• in 37% of cases, the claim included vague statements such as “conscious”, “eco-friendly” and “sustainable” to convey to the consumer that a product had no negative impact on the environment; and
  • in 59% of cases, the trader did not provide accessible evidence to support their claim.

What’s next?

With the launch of the European Green Deal, the European Commission has proposed strengthening the law in this area and amending the Unfair Commercial Practices Directive and the Consumer Rights Directive to ban the practice of “greenwashing” explicitly. This would prohibit businesses from deceiving consumers as to the environmental or social impact of their products. The Commission envisages adding new practices to their “black-list” of misleading practices, such as:

  • making generic and vague environmental claims where the environmental performance of the product of trader cannot be demonstrated;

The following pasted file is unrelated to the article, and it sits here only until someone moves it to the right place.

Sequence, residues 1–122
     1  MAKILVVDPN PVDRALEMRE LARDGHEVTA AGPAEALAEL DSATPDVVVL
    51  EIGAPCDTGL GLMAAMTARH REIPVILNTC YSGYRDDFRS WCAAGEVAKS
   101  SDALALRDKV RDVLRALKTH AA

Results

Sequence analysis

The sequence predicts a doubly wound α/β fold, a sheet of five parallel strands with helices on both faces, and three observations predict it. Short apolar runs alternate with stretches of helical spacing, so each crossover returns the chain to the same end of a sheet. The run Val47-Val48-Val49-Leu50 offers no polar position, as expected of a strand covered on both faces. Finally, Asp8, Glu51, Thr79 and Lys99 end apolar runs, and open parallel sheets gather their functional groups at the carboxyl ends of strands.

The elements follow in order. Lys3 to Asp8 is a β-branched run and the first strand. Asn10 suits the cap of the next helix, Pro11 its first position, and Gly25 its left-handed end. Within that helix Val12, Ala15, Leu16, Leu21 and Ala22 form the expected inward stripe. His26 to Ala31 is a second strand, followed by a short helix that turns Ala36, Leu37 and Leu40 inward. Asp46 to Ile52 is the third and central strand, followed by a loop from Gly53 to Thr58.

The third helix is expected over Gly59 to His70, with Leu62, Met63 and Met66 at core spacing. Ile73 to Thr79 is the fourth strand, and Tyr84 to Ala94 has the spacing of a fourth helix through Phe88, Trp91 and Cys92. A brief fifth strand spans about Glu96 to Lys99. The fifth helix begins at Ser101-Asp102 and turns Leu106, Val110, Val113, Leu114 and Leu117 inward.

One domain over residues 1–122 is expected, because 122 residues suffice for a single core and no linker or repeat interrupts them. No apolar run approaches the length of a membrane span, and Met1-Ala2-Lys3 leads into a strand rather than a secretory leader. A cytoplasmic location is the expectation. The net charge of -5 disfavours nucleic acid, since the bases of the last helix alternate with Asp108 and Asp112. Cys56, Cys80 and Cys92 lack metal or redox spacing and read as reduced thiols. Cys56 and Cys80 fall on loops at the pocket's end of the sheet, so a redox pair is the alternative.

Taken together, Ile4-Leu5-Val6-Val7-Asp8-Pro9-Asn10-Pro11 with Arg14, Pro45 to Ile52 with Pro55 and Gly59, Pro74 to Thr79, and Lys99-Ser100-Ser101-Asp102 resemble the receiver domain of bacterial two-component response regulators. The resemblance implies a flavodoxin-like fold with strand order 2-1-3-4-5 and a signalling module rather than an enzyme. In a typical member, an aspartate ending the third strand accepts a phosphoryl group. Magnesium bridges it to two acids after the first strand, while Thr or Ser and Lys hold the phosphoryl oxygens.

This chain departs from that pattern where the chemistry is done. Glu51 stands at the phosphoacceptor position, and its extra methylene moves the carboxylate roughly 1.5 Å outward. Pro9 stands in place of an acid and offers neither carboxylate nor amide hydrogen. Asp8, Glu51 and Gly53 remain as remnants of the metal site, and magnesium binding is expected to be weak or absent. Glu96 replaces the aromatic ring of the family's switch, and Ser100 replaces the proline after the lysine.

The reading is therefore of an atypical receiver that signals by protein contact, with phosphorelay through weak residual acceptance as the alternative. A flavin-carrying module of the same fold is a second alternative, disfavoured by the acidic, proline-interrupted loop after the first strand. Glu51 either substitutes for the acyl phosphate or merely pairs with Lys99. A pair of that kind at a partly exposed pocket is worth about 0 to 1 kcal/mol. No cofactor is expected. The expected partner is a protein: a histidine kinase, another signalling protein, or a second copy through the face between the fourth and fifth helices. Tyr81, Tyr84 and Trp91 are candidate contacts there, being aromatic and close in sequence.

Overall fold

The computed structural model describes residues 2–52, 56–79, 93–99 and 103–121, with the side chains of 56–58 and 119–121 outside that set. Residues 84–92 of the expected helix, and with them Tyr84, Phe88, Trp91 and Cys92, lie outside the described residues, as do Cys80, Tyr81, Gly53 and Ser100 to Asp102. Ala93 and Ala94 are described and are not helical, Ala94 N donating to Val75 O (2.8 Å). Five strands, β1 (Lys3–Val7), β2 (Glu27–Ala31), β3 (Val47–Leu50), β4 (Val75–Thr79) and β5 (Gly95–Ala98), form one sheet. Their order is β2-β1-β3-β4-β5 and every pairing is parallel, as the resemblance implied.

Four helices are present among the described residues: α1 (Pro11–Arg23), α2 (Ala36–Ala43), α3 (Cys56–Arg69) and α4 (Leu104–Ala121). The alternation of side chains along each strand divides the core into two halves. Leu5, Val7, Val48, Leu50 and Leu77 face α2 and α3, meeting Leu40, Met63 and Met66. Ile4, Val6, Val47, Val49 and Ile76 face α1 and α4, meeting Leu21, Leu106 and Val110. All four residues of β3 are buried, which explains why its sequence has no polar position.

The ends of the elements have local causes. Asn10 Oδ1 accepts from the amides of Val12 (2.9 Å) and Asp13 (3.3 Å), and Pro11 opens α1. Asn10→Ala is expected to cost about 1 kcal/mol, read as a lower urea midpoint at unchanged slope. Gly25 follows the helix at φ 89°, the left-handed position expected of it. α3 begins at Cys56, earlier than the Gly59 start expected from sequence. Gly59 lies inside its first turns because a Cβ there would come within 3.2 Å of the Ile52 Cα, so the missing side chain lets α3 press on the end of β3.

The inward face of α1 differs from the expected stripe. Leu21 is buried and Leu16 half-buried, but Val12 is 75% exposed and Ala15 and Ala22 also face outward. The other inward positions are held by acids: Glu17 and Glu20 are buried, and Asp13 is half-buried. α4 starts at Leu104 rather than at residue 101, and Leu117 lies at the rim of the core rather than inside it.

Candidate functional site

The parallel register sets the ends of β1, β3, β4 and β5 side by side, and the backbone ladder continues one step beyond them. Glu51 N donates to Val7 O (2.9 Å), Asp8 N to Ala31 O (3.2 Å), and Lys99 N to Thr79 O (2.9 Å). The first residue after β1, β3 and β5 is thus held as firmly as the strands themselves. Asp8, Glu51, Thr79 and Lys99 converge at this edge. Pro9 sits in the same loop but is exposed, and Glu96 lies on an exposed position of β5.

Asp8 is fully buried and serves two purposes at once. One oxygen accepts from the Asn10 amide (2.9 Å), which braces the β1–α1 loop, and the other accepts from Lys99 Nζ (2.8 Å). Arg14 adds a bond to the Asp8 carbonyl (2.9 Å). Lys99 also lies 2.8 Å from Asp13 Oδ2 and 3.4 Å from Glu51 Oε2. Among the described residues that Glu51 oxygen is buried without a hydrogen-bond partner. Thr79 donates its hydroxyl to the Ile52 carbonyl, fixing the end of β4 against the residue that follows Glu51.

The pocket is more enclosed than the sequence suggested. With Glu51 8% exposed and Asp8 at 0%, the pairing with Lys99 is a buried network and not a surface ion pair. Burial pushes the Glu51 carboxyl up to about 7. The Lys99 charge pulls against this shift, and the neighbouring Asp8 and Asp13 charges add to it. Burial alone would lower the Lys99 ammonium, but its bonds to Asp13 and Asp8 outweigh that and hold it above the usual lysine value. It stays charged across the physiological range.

• making an environmental claim about the entire product, when it only concerns one aspect of the product; and
  • displaying a sustainability label that has not been verified by a third party scheme or established by public authorities.

In light of the above, businesses should continue to ensure that they do not mislead consumers on their environmental efforts and are able to provide evidence or sufficiently qualify any sustainability claims included in their marketing and advertisements. Otherwise, they may draw attention to themselves in the form of unwanted attention from the CCPC and/or complaints from members of the public to the ASAI.

  1. Unfair Commercial Practices Directive 2005/29/EC.
  2. Consumer Rights Directive 2011/83/EU.
  3. European Commission Proposal for a Directive of the European Parliament and of the Council amending Directives 2005/29/EC and 2011/83/EU as regards empowering consumers for the green transition through better protection against unfair practices and better information.

This document has been prepared by McCann FitzGerald LLP for general guidance only and should not be regarded as a substitute for professional advice. Such advice should always be taken before acting on any of the matters discussed.